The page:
Mongolia In Images By Our Guest, Katherine Walker

Taking The Trans-Mongolian – Your Introduction
April 25, 2015
Focus on Mongolia – April News
May 5, 2015
Katherine Walker joined us in Mongolia in 2014 on our 17-day Northern Mountains and Sacred Lakes Mongolia trekking tour which includes a five-day trek in Khovsgol Nuur National Park followed by the Khatgal Naadam. These are her thoughts from her blog – The Travelling Dingleberries! The images are also by Katherine.

Enjoy the trip!

We were able to experience the many wonders of this beautiful country. It truly is something special.  I honestly could not have hoped for a better experience. Our mode of transport was in the Furgon – an old Russian van.

Our driver was the legendary Sandag and our amazing guide was Selenge. Both Mongolian. Accompanying Marty and I were two Aussie blokes from Geelong in Victoria- We spent the first day exploring UB and visiting Zaisan Hill and the Blue Sky Bar for excellent views of the city.

We were off the next day on our 16 day odyssey to Northern Mongolia. We piled into Furgon and spent the next few days cruising through the countryside. I’ve never seen such a landscape like it. We visited the Amarbayasgalant Monastery, stayed the night in a ger, slept in a Soviet-style hotel in Bulgan and dined at a Korean Restaurant. 

For those of you that are unaware, a ger is a traditional style home of a Mongolian family, specifically a nomad family. It is circular in shape and consists of one room only. It is insulated for the very cool -40 degree winter temps and is easy enough to erect and dismantle quickly, making it the ultimate nomad home! They are everywhere in Mongolia. We stopped in at many a ger, all with families that were so welcoming. In Mongolia, anyone is able to stop in to a ger to say hello. The families welcome you with open arms and offer you anything from milk tea, to yogurt curds, to cream on bread, to araig (fermented mares milk), to mutton soup!
Khovsgol National Park was our next destination. It was bloody beautiful.  The water is crazy clear and ridiculously freezing. We spent a few nights here, taking invigorating dips in the lake and enjoying the clever culinary creations of Selenge. It was absolutely no issue being a vegetarian on this tour. She looked after me so well!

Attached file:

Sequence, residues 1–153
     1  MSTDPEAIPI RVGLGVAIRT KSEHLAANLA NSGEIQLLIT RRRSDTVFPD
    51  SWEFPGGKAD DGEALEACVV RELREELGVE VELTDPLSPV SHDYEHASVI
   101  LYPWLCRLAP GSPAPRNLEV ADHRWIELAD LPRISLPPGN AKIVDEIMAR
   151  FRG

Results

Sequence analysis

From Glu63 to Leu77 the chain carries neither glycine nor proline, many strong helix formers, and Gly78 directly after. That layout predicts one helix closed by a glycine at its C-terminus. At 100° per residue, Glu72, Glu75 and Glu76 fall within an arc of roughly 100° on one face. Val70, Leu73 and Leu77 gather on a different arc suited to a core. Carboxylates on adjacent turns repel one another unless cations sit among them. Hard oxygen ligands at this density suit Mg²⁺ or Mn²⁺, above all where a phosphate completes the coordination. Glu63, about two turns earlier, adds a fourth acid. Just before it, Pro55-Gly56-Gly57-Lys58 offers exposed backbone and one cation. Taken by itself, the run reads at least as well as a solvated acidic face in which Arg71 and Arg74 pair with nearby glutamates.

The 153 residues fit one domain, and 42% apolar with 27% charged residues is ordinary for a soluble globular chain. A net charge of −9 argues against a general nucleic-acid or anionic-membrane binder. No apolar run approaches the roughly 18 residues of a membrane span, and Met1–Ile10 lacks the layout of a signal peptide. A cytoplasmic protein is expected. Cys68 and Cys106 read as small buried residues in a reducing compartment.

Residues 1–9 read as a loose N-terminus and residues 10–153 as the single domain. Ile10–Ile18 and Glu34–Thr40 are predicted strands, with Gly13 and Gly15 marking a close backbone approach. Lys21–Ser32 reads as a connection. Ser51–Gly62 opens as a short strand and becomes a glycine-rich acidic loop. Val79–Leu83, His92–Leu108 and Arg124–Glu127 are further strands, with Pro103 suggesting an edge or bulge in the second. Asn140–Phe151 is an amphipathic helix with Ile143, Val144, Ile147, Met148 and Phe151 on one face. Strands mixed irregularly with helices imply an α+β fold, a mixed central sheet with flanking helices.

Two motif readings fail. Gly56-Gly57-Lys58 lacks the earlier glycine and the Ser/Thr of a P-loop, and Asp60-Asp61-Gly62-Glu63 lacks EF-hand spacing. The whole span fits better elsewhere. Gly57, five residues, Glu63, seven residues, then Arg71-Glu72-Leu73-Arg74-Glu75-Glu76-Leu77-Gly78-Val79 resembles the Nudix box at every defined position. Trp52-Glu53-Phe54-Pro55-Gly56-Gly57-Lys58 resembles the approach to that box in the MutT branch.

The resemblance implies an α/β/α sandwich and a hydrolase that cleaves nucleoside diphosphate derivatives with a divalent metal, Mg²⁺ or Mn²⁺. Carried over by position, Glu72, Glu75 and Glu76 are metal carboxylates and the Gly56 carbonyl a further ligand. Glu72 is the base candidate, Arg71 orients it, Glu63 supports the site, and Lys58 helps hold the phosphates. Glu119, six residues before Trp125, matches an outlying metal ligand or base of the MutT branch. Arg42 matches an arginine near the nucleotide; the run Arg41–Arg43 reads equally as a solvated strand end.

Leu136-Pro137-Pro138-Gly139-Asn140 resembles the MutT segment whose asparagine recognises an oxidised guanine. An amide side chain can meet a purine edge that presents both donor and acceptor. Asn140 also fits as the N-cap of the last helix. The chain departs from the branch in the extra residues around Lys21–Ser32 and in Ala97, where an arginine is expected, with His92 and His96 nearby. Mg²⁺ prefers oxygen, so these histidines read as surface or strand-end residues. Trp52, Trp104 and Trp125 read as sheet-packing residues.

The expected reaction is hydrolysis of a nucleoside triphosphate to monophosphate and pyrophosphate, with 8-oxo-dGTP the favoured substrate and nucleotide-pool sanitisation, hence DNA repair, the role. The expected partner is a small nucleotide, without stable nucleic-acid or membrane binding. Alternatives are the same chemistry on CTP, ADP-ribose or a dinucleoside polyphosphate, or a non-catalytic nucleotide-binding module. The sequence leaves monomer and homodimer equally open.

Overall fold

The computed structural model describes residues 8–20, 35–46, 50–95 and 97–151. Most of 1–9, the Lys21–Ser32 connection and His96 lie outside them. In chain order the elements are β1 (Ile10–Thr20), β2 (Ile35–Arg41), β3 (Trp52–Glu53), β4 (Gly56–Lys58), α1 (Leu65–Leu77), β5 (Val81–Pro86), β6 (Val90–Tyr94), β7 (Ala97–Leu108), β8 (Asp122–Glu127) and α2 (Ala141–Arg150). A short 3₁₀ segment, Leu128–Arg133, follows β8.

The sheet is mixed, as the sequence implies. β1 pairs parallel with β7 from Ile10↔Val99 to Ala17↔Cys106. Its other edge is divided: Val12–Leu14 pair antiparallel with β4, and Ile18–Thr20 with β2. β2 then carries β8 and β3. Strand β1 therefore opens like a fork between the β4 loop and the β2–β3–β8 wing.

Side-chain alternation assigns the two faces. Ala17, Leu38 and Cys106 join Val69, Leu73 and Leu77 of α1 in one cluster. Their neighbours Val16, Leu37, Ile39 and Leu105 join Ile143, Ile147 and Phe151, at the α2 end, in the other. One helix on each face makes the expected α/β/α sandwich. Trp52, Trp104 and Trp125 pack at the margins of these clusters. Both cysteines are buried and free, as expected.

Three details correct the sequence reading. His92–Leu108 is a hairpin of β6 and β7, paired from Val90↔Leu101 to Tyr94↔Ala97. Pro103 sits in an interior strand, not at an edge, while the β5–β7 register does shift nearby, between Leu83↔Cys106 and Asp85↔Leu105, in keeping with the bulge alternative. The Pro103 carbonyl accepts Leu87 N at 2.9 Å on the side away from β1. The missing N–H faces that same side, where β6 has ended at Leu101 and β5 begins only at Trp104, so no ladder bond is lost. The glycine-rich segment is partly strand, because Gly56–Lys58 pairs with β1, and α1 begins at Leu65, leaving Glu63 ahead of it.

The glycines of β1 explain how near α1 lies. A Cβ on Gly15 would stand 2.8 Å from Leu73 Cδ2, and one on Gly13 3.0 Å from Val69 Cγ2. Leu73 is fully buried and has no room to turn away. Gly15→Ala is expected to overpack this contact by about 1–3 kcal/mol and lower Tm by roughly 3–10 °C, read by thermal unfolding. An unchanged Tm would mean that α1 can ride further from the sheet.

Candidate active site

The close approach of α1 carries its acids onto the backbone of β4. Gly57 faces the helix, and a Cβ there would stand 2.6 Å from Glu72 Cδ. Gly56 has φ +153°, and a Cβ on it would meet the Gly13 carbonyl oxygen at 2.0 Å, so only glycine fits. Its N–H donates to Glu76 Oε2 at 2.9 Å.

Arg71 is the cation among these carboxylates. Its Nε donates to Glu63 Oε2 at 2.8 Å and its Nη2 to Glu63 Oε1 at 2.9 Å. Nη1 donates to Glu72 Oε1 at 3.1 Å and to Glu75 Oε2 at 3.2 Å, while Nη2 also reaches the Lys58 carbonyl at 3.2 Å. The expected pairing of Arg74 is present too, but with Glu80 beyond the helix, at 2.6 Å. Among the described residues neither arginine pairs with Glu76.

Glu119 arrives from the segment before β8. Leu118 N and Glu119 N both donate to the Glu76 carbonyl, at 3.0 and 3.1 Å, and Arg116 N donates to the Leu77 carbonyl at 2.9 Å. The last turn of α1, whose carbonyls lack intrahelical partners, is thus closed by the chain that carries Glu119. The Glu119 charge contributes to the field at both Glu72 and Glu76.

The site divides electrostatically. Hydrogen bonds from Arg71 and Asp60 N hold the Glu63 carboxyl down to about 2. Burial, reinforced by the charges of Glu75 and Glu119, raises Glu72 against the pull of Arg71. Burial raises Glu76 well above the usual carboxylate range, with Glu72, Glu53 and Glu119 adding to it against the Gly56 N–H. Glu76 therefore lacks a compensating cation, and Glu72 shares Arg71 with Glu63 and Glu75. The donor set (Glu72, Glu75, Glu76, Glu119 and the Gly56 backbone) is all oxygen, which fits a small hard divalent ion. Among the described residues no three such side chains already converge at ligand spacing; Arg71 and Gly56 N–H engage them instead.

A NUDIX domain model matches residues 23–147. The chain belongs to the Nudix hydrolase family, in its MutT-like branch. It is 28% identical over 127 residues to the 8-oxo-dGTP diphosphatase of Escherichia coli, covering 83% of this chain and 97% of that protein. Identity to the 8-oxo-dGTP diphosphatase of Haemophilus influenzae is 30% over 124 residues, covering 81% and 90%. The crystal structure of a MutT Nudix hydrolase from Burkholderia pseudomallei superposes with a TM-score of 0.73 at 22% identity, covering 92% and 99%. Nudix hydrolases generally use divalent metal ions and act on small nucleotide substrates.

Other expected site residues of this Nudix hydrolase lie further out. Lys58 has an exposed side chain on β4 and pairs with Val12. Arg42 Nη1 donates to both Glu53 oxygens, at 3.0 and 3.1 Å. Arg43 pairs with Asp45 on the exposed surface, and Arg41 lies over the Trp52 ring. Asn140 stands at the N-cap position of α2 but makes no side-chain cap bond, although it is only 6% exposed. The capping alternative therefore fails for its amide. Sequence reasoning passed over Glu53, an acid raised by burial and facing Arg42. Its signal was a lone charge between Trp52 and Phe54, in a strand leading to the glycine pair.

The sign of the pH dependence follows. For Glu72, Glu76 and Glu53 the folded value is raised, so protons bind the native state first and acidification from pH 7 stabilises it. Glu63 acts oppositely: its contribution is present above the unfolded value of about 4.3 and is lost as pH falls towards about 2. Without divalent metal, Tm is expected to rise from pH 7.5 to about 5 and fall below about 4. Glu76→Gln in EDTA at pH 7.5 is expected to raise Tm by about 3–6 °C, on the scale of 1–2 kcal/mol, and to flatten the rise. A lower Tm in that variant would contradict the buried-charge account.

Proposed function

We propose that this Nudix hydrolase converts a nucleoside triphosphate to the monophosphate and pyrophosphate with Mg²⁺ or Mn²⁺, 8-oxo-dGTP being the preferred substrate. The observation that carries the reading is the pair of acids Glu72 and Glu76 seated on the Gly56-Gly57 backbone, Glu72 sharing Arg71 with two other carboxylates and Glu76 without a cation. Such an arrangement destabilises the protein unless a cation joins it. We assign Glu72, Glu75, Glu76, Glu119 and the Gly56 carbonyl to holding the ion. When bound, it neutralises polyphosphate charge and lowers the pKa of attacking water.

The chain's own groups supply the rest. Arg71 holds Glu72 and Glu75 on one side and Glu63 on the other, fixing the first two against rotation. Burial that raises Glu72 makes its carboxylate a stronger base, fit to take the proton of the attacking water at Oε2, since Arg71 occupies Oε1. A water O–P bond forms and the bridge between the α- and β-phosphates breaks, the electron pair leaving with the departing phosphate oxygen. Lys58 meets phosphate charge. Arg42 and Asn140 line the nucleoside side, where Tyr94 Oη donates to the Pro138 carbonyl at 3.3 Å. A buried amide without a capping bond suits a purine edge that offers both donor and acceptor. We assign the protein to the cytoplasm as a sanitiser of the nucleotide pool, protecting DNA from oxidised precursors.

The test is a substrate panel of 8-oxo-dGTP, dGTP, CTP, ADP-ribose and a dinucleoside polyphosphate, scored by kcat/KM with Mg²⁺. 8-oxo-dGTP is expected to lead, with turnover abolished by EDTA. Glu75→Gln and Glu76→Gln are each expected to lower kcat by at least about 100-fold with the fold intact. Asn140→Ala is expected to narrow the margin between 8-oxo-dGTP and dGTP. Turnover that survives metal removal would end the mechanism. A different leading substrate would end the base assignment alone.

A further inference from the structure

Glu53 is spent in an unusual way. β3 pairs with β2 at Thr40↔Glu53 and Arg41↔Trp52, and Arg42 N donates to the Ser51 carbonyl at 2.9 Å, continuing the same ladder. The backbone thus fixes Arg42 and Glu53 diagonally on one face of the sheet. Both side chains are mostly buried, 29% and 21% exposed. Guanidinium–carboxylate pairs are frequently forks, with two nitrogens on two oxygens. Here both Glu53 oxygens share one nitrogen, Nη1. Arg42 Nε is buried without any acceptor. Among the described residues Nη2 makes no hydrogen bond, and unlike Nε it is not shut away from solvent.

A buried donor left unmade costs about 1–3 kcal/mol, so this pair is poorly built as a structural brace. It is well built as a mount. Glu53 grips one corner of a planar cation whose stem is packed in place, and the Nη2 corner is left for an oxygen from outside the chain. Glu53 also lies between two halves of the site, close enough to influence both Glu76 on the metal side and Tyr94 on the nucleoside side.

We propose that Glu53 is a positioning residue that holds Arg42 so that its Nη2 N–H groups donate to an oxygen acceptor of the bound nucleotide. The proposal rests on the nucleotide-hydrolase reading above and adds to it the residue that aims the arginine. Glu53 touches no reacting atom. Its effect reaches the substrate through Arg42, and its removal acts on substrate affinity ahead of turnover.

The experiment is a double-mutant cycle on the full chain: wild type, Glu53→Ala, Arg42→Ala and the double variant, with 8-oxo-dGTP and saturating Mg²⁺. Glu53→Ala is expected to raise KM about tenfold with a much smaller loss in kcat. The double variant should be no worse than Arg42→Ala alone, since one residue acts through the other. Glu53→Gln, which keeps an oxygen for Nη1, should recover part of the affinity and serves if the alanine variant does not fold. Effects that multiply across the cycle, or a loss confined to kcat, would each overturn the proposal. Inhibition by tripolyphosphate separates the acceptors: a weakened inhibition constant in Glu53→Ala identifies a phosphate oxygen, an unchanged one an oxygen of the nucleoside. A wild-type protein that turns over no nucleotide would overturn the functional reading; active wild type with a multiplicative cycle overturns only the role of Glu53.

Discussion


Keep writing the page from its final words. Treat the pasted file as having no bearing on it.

Next was our 5 day hike through the mountains. We met Bambakh, Erbald and their 6 accompanying horses who would be so kind as to carry our luggage and food on the hike. This somehow made our job of walking a whole lot easier! Bambakh and Erbald were great company.
We were happy to see Bambakh’s family ger and were greeted with a steaming bowl of milk tea. We spent the evening milking some of the family’s yaks (so much harder than it looks) and enjoyed the company of Bambakh’s 
lovely family.

The next two days were spent at the very interesting Nadaam Festival. Nadaam is a national celebration day for the whole of Mongolia, celebrating their independence. We attended Nadaam in Hatgal and got to experience a rural Nadaam. Wrestling, horse racing and archery are the three ‘manly’ sports you will find at any Mongolian Nadaam. It was very interesting. 

On the night of the first day of Naadam we went back into town for a party at a local hall, Marty and I dressed to the nines in a ‘del’. Bambakh’s sister and her husband insisted we wore their ‘dels’. A ‘del’ is a traditional Mongolian coat. 

We both really didn’t want to leave Hatgal. Bambakh and his family has been so welcoming and the area that they spend their summer is just so picturesque. The end of the journey was coming near. We said our goodbyes and spent the next few days making our way back to UB. The trip was the best decision we could have made. Selenge was the most wonderful guide.  Come to Mongolia. You won’t regret it. It’s bloody amazing.
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